Modern concepts of moral development were pioneered by psychologist Jean Piaget, who believed it emerged in stages, each based on life experiences.
Later on, Piaget’s framework was expanded by psychologist Lawrence Kohlberg, who felt moral development was a part of three phases in childhood, each phase defined by stages of learning that determined moral alignment.
Phase 1: Pre-conventional
- Stage 1: Behaviors are driven by punishment avoidance.
- Stage 2: Behaviors are driven by rewards or satisfying personal needs.
Phase 2: Conventional
- Stage 3: Children are driven by a desire to gain the approval of others.
- Stage 4: Children start to consider the laws and rules of society around them.
Phase 3: Post-conventional
- Stage 5: Individual rights become more important than societal law.
- Stage 6: Moral decisions are based on the perspective of everyone potentially impacted.
Kohlberg believed not everyone would reach the final level of moral compass development in their lifetime.
Finding Your Moral Compass
It’s not always easy to know right from wrong, but you can start to understand your moral compass through several methods Carleton recommends.
Your moral compass is made up of your beliefs, so it may be helpful to actively review them throughout your life. You can do this by asking questions like:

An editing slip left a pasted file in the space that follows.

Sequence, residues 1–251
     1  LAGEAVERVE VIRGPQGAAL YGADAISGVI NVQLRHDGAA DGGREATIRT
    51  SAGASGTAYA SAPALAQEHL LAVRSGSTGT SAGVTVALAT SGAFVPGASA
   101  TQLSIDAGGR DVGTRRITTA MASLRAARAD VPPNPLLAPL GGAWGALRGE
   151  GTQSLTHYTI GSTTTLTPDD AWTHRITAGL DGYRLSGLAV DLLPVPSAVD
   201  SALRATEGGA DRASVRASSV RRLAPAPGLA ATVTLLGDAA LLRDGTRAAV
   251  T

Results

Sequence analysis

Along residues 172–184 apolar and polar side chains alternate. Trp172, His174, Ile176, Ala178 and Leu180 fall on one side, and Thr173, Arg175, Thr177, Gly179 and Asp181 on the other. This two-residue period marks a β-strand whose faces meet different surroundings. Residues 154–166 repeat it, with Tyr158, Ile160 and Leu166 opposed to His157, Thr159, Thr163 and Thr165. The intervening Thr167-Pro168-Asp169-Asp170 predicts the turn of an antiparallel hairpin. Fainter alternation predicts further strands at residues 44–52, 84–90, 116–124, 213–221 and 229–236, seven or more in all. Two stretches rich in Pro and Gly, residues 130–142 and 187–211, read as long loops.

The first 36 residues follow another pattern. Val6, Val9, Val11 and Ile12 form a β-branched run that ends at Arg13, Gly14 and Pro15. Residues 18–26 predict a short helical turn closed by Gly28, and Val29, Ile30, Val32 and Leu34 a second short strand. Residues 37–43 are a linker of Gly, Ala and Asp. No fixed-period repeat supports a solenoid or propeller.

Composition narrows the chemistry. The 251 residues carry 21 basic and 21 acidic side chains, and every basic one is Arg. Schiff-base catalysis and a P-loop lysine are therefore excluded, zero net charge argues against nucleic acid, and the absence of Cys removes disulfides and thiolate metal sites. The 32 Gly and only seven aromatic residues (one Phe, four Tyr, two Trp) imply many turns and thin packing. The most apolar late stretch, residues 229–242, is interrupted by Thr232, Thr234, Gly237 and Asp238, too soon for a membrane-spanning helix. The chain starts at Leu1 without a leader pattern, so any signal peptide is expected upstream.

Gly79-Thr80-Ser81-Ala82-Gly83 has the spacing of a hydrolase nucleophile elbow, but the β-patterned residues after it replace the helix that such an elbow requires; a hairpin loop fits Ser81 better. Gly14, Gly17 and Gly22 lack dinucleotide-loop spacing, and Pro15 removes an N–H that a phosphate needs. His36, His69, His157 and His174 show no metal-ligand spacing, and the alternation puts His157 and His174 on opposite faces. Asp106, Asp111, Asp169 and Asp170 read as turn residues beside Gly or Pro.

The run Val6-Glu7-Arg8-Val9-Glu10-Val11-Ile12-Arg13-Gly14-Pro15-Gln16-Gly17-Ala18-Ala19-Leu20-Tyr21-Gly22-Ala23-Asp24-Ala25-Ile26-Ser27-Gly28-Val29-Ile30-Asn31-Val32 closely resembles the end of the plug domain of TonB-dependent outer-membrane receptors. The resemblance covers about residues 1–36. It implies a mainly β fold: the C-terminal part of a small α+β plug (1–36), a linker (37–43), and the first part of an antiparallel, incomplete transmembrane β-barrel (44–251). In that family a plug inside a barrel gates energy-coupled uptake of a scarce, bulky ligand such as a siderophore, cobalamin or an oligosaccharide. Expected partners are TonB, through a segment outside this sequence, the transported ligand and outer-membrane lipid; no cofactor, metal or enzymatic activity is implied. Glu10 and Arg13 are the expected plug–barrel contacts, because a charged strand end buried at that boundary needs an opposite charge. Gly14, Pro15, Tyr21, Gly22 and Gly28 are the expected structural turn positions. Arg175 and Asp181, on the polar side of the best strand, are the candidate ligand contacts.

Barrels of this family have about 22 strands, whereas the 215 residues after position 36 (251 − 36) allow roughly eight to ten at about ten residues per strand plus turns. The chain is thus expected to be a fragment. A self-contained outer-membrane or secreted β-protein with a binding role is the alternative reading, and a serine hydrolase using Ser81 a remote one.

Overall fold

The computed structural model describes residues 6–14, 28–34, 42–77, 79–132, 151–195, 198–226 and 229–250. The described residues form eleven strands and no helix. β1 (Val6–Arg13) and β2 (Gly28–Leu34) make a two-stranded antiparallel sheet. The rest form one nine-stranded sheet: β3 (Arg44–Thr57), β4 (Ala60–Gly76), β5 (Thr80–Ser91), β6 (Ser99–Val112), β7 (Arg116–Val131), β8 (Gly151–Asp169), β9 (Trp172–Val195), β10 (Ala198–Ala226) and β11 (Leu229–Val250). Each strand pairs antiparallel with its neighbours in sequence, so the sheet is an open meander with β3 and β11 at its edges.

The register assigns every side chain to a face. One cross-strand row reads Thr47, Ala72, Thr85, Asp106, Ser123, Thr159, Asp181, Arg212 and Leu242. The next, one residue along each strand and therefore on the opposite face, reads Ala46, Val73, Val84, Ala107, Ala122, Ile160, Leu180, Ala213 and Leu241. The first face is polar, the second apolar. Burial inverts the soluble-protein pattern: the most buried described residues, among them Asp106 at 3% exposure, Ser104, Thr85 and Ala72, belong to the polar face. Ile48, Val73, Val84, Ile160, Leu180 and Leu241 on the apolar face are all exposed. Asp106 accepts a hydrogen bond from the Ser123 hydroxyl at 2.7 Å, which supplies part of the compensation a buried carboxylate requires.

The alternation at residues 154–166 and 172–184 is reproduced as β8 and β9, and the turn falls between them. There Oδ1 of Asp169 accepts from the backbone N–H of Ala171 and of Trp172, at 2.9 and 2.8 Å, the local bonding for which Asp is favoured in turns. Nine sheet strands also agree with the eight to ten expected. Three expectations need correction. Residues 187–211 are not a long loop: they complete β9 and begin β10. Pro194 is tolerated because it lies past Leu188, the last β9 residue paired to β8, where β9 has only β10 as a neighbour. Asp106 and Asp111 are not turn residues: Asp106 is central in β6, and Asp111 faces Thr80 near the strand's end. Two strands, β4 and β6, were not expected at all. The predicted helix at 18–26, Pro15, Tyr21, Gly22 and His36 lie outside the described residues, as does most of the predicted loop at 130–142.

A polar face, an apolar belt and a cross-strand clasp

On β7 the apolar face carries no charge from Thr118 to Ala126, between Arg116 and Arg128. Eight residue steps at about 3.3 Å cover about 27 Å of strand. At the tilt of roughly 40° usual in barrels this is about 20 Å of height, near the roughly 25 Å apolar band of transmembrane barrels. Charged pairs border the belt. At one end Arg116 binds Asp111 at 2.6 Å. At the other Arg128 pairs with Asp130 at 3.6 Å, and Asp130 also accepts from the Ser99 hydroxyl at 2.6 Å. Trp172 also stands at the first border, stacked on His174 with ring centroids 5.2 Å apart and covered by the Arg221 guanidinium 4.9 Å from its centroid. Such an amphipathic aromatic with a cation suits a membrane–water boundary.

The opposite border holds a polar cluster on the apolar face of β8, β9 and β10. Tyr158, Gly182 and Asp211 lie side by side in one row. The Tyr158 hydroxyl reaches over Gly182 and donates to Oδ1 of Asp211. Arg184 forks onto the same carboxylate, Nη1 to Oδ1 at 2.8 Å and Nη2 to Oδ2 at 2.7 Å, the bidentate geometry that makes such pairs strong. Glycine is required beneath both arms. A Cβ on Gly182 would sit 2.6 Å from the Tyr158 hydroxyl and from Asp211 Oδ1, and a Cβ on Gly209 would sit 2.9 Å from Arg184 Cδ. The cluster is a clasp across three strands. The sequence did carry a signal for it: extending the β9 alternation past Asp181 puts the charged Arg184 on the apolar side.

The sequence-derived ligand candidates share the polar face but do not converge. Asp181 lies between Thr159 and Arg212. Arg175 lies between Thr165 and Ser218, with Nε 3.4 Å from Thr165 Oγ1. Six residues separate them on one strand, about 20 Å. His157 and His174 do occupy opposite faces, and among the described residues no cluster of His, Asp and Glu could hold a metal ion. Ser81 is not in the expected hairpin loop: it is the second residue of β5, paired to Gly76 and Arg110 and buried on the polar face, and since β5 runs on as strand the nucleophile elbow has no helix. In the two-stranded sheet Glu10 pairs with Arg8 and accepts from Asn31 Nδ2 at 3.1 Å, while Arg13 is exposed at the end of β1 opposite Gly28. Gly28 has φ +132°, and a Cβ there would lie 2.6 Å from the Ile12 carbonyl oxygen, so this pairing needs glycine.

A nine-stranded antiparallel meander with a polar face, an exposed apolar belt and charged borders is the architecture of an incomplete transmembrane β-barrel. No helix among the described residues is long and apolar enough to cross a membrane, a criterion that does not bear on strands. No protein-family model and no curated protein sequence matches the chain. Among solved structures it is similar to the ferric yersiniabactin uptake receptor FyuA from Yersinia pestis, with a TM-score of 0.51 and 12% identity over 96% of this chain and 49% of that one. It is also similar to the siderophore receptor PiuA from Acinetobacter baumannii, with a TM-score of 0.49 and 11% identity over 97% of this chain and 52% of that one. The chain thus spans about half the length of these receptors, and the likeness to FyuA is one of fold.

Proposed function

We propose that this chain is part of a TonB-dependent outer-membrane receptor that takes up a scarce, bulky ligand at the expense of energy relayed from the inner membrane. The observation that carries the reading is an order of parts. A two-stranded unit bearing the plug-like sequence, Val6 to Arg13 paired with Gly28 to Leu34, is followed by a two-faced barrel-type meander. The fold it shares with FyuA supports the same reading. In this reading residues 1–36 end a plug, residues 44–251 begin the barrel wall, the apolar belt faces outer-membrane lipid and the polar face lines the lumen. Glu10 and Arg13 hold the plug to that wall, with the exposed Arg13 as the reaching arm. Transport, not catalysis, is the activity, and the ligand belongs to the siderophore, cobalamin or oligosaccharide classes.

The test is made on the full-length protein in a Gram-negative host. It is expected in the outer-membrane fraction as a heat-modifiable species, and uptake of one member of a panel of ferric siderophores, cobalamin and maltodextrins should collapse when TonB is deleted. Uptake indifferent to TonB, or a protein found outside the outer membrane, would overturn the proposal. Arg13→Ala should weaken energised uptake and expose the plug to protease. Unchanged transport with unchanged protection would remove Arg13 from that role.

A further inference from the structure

- What do I believe in?
- What values are important to me in others?
- What is happening in the world around me that I agree with/disagree with?
- Where do I stand on popular topics of debate?
It’s OK to be unclear where you stand with certain topics. Morality is rarely straightforward, and there may be many perspectives to consider. To help gain those views, you may find it helpful to speak with friends, family, or coworkers who can engage in open, calm discussions about their moral positions.
Self-reflection, learning about other global perspectives, and talking about values with friends and family can all help you find your moral compass.
The Problem Today
Finding one’s moral compass has become more difficult than ever before. There is so much interference because of pressures imposed by one’s peer group or at work that finding a moral compass is challenging. Bad influences create barriers to ethical behavior and using one’s conscience when the going gets tough because of negative factors sometimes found in social media.
We used to believe in a clear line between right and wrong, but that is no longer the case in part because we live in a fractured society. We have some who believe the concept of being “woke” underlies moral behavior while others base it on a strict constructive point of view with values that are immutable.
It’s important that we start to discuss the concept of a moral compass with youngsters at the earliest time in their education. This is a good way to evaluate historical events and societal norms in light of one’s moral conscience. It can bridge the divide in society and bring us closer together.
Blog posted by Dr. Steven Mintz on July 5, 2023. You can sign up for Steve’s newsletter and learn more about his activities on his website (https://www.stevenmintzethics.com/).